Sunday, March 04, 2012
Arms Race Update - China Races to Catch Up
China's "official" defence spending has rocketed over 11% this year, topping $100-billion for the first time. Compared to US defence spending of $740 that may not sound like much but China, like the US, is widely believed to disclose only part of its true expenditures.
China is very quickly going very high-tech after generations of relying on mammoth armies of low-tech soldiers. It is producing its own stealth fighter and other combat aircraft, its own anti-satellite missiles, its own submarines and an impressive missile capability that may see Chinese astronauts land on the moon in the near future.
While China's expenditures seem paltry compared to America's, US defence spending these days produces a very poor bang for the buck. There is a great squandering of money on faulty technologies or projects like the F-35 suffering technical glitches, massive cost overruns and persistent production delays.
The US defence budget also provides for a truly global military presence - South Asia and the Middle East, Africa, South America, Japan and Korea, and Europe. More recently the US has indicated it will expand its presence in East and Southeast Asia and the western Pacific in response to China's growing capabilities. China, by contrast, has a very limited military presence beyond its own region.
This is a complex and perilous game. China, for very good reasons, believes America is instituting measures to encircle and contain Chinese power and influence abroad. America's new interest in China's main regional rival, India, only reinforces that view. India represents a potential blocking force to the sea lanes connecting China and the Middle East, its main source of oil. This, in turn, is motivating China's growing influence in Pakistan, the key to establishing a landbridge to Iranian and Iraqi oil.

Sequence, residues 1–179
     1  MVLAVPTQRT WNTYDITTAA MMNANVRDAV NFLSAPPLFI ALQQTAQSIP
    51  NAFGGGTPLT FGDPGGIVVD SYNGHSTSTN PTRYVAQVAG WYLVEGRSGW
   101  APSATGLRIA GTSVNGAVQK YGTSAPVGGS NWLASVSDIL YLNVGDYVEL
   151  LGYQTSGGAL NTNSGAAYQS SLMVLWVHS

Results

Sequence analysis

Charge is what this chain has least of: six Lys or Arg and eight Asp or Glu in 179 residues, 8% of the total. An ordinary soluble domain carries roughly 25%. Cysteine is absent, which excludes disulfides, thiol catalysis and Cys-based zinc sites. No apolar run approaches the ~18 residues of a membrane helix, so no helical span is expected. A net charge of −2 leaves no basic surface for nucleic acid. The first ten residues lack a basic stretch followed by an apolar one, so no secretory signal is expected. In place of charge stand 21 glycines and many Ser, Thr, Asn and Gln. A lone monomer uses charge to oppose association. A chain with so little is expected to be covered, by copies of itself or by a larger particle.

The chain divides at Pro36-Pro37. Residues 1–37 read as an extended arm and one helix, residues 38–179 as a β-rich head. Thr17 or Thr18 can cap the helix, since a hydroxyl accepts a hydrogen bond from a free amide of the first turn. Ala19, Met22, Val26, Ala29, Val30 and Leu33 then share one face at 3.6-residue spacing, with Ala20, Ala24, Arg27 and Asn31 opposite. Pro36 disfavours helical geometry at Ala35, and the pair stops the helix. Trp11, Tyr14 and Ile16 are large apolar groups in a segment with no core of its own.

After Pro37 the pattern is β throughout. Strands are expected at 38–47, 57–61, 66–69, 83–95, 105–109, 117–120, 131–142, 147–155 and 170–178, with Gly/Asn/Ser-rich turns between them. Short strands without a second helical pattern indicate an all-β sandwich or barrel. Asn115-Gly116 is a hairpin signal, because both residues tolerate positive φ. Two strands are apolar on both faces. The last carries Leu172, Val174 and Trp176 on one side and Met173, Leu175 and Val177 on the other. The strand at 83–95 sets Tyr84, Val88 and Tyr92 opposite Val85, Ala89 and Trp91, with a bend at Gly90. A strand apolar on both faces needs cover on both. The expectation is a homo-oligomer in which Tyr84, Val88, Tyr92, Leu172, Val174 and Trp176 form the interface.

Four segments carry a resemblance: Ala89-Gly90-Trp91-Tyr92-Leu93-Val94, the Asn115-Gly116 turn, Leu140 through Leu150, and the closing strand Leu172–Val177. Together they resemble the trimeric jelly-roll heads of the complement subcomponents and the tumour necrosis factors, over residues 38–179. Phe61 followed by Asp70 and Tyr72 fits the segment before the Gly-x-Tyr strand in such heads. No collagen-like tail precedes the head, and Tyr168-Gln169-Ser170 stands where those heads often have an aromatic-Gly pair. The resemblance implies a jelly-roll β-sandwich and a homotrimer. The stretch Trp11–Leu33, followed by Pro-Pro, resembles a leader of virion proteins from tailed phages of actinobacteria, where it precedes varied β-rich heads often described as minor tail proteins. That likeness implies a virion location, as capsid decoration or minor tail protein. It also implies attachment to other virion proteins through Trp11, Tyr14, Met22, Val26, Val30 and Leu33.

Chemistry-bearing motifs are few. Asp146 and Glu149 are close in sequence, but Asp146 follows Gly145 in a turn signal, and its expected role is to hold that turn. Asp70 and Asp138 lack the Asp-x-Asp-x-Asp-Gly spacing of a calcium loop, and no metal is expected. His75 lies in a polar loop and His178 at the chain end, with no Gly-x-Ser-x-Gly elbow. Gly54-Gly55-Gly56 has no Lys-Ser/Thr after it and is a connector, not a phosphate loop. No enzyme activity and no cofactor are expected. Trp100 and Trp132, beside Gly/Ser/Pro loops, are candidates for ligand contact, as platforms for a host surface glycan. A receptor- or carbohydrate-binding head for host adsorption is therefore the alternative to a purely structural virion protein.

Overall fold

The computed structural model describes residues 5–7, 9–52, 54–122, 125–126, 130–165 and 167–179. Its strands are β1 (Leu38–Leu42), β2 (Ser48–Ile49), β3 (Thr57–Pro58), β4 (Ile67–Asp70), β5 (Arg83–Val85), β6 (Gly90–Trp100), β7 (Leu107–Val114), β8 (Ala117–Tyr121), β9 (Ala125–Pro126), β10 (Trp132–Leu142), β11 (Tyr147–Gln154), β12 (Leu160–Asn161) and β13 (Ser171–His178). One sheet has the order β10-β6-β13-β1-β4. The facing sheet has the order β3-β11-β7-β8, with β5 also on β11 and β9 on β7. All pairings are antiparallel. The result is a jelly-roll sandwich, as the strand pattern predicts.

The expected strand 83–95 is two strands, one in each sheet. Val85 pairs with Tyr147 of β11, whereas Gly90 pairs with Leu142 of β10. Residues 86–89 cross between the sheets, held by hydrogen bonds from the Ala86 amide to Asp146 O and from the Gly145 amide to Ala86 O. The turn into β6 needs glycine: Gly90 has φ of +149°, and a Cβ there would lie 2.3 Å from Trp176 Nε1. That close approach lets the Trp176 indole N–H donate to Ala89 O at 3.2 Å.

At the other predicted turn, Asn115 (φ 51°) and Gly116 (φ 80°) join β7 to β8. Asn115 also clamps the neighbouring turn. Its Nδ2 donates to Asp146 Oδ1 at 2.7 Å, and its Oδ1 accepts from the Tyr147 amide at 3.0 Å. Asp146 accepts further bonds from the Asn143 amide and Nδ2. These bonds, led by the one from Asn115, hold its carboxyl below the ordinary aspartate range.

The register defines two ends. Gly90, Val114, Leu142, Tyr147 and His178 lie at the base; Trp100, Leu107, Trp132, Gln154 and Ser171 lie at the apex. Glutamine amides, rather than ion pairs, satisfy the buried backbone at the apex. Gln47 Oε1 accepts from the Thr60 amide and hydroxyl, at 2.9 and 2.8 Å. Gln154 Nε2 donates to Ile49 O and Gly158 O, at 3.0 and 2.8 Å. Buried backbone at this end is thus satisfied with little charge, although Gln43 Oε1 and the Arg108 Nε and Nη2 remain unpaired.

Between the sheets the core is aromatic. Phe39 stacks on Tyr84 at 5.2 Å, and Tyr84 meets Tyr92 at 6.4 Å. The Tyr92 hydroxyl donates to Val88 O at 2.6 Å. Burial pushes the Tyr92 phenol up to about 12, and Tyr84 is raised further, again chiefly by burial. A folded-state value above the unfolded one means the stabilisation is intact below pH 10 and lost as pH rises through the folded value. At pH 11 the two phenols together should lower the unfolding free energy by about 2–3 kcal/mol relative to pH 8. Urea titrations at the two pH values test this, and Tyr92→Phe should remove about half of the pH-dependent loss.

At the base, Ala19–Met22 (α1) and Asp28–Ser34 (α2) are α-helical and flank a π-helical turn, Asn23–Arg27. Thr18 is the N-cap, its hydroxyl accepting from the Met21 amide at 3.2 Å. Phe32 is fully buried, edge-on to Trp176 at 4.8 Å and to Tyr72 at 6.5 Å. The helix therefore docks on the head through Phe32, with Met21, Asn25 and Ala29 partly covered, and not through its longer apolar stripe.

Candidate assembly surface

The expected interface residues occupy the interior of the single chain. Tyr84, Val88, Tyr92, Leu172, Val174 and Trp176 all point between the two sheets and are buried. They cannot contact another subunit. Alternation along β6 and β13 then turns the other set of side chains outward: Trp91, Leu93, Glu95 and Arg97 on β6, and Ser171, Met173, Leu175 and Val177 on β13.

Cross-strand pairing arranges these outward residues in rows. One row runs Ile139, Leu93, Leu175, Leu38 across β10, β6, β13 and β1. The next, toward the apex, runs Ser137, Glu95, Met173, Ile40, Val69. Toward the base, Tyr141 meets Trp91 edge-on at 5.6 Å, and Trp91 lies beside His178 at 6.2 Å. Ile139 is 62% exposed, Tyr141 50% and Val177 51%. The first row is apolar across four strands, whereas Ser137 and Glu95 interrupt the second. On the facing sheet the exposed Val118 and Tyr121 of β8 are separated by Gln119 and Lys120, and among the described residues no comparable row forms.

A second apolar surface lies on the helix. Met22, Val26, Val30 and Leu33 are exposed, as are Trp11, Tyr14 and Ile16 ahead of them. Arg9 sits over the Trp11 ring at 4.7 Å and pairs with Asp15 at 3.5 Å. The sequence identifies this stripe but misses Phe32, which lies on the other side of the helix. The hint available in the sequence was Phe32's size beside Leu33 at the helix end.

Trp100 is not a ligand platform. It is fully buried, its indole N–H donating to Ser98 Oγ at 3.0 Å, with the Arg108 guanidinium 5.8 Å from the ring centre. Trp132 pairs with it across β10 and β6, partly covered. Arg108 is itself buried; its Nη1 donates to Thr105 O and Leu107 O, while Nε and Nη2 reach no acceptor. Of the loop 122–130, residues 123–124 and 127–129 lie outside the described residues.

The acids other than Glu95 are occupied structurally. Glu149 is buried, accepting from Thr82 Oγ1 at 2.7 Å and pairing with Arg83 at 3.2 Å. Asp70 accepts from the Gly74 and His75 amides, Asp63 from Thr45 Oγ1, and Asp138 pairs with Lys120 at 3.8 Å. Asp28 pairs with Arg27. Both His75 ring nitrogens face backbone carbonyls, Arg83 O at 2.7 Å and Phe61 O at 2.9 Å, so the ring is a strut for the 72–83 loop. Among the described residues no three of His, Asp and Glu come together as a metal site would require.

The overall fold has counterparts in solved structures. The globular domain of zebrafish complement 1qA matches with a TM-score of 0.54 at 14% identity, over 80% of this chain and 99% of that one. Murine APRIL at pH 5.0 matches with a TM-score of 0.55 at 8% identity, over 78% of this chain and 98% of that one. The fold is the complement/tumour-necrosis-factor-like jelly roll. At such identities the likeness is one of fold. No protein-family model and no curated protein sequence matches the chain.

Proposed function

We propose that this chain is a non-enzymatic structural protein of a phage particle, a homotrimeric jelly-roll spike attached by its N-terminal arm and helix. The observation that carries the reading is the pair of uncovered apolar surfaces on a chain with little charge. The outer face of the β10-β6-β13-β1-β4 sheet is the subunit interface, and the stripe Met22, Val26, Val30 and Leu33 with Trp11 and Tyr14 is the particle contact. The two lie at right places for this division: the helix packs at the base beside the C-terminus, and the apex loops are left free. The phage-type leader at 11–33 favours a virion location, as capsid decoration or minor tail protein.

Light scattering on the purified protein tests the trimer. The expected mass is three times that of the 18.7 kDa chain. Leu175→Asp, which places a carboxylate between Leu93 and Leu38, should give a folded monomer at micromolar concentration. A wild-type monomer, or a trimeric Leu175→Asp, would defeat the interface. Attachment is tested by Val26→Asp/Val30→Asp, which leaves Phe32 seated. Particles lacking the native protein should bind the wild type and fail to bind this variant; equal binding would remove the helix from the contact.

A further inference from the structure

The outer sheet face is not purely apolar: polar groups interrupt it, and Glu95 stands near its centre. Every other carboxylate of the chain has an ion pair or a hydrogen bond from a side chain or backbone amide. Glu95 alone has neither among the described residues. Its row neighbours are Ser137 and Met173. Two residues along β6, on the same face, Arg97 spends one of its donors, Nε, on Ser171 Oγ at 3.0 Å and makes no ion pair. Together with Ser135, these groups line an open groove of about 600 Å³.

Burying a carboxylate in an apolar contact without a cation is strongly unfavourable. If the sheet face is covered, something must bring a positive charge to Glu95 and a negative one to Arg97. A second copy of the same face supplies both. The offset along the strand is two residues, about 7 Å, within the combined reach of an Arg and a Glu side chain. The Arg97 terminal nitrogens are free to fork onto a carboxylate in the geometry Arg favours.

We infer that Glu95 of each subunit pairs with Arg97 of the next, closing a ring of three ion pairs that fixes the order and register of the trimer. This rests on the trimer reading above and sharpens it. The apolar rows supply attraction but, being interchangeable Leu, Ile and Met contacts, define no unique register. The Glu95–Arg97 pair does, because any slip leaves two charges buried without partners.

What is also problematic is that America's defence spending is woefully bloated and probably unsustainable. While no recent president, including Obama, has been able to stop escalating American military spending, it's the fiscal equivalent of a three-pack-a-day habit that has to stop one way or the other. The Chinese, on the other hand, can probably, over time, increase their defence spending substantially. That plays into their already significant strategic and economic advantages.
That America now sees China as its main military focus is evident from its strategic summary, "Sustaining US Global Leadership: Priorities for 21st Century Defense" released in January of this year.
The objects of this policy are reduced to preserving America's global leadership and maintaining American military superiority. China isn't necessarily America's enemy but America must stand ready to deter China and, if necessary, confront it by force.
These conditions seem ideally suited to the creation of a new Cold War of sorts but it would be one in which America would have to challenge not only its main economic and military rival but its main creditor and financier as well. The power America was able to wield against the Soviets has been sapped in many ways. It may be a tough act to repeat.